“El Cóndor Pasa” in San Pedro, Ambergris Caye, Belize.

Had a lie -in yesterday morning. Didn’t get up until 04.45 hours. I am surely not going to be one of these people that lay in bed all day. Am I ?

Didn’t really do a great deal. Yes, I spent time on the veranda with a coffee (black, no sugar) and the iPad but … Made breakfast – and of course ate it – showered, shaved and dressed. But that was about it.

It’s surprising though how quickly the time can pass (unless you are waiting for something that is) when you are doing nothing and before we knew it the time had come for us to head off to our build in Ambergris Caye, Belize.

We got there around 14.50 hours (some of you regular readers may wonder how I can be so precise about the time when I occasionally make the point that I don’t wear a watch anymore. Easy. Rose does carry one) to find that a delivery from Daniel Camal‘s (he is our building contractor) wood shop. Quickly parking the ‘cart we rushed up the stairs to the First Floor for a better vantage point.

Once up there we could view the off-loading very clearly (and not get in the way of any of the guys) and saw that the frame for the pantry (larder) for the kitchen for our living area (First and Second Floors) along with the framework for the lower kitchen cabinets for the kitchen of the self-contained apartment on the Ground Floor were being delivered.


Ground Floor kitchen cabinet framework coming off.


And going in to the self-contained apartment.

The pantry (larder) took a bit more effort from the guys . It is four feet wide by seven feet high (we’re never going to have enough stuff to fill this. Are we?).



Up the first flight of stairs.


And the second flight.


And through the front door (OK, so there are no doors yet!).


Safely in the dining/kitchen area with the rest of the cabinets waiting to be fitted.

We took a walk down to the Ground Floor to take a look at the other kitchen cabinet frame and found it roughly in the position where it will eventually be fixed.


Struts (may be the wrong word to describe them) at the back will need to be cut so that the cabinet can be fitted around the first of the columns.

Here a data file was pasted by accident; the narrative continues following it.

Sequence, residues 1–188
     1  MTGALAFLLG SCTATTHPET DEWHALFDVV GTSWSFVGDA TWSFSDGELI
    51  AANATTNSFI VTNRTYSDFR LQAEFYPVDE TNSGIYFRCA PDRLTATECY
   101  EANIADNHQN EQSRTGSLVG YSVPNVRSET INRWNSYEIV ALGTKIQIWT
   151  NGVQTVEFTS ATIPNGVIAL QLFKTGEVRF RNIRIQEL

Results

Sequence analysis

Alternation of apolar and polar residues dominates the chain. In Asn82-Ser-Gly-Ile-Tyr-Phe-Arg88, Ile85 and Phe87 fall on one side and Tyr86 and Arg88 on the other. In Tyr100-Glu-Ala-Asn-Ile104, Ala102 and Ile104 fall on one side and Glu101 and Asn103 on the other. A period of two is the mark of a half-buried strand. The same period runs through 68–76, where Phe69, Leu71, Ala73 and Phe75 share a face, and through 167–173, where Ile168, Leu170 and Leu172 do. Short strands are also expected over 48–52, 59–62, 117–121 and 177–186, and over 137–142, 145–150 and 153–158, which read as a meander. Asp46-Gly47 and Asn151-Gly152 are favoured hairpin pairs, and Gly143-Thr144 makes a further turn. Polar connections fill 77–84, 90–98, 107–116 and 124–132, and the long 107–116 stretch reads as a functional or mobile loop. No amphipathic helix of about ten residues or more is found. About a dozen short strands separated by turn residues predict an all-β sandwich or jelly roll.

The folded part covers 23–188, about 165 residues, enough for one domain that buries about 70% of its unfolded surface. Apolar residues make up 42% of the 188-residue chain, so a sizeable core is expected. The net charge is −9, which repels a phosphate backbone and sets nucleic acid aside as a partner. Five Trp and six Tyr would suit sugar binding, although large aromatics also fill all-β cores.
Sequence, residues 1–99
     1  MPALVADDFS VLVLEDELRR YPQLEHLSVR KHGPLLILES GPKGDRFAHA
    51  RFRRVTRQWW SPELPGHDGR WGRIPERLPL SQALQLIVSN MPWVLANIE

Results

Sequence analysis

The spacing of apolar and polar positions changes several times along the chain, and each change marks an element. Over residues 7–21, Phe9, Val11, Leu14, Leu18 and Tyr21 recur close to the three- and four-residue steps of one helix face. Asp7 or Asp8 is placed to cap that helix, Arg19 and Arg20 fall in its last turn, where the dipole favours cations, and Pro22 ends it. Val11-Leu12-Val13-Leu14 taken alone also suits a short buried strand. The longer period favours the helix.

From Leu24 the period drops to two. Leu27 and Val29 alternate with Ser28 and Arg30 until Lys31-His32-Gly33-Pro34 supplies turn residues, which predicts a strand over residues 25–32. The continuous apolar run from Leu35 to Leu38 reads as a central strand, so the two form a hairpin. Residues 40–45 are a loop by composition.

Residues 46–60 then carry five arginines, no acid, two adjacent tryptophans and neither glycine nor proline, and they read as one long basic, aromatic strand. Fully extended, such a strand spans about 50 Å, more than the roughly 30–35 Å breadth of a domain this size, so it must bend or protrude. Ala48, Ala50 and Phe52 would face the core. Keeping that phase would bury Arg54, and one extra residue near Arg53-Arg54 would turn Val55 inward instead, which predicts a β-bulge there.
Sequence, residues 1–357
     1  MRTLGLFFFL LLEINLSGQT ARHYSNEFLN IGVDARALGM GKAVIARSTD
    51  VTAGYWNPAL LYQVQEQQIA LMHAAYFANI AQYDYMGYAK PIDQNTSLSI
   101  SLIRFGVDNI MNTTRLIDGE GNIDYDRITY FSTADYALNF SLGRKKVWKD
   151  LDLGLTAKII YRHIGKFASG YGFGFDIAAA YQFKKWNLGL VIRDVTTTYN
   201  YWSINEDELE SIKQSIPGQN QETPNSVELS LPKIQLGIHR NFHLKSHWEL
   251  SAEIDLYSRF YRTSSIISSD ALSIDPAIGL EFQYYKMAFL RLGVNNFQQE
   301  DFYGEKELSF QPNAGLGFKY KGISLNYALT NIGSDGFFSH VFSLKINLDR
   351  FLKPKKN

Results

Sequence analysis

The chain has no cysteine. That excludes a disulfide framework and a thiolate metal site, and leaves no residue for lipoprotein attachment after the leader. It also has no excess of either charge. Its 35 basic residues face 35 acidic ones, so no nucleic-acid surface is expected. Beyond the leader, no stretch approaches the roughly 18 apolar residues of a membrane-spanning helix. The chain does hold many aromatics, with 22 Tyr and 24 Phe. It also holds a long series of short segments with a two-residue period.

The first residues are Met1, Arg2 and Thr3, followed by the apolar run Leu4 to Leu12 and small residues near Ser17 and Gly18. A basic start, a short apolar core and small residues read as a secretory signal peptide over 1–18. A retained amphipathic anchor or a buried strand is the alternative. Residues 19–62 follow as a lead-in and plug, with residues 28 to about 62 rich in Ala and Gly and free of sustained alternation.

The red arrows indicate the struts that will need to be removed to allow the cabinet to fit around the column.

Already feeling pleased we ‘took’ the scaffold up to the Second Floor to see what had been done since our last visit (the previous day) and saw straight away that Christopher had fitted the skirting (base) tiles for our bedroom.


Northern wall finished.


Southern wall nearly finished.

Down the scaffold to the First Floor and Christopher was at work fitting the skirting (base) tiles in the living ‘room’ area.


First two in place.


Christopher at work.

In the en-suite bathroom (for Rose’s handicraft room) the grouting for the wall tiles in the shower cubicle had shown good progress.


Where shower will be fitted, finished.


Recessed shelf and above still to be done.


As is the area around and above the window.

Out on the southern veranda Alfredo and Angel were applying the first coat of the emulsion to the ceiling and the exterior wall.


“Put your backs in to it guys!”

Taking ‘time out’ we stood on the eastern veranda watching the welder at work.


Cutting the support to size.

Our attention was distracted when a condor (ornithologists give me some license here – all will be revealed later) flew by. Or, as they say in Spanish, el cóndor pasa.


El Cóndor Pasa.


Gratuitous inclusion of the view from our our front door (or, to be more precise, where the door will be).

On leaving our build in Ambergris Caye, Belize we took a look at the granite countertops that Edgar (the granite man) has finished.


Just the holes to be cut for the sink pipe work to be done.

The headline for today’s edition (set as a challenge by David Greene,an ex-colleague in the UK) is based on the single released in 1970 by Simon & Garfunkel which reached number eighteen in the US Billboard Hot 100 (it reached number one in a myriad of European countries).


  1. tom e says:

    John, You and Rose must have the patience of a Saints. (St. Joseph is the patron saint of building a house and making a home.) May he help guide you in the rest of your build.

    1. Now Rose has got patience Tom. For standing me all these years. It hasn’t been that long. Probably ten months from start to finish. And we are nearly there now. OK there will be other stuff to do eg the garden, but the big one will be ‘out of the way’.

  2. Paul Cloutier says:

    You must be pleased, everything is starting to come together.
    By the way, it must be great getting up and not have to worry about any deadlines !

    1. We are very pleased Paul. And you are right, it is great getting up and not worrying about anything, kind regards John

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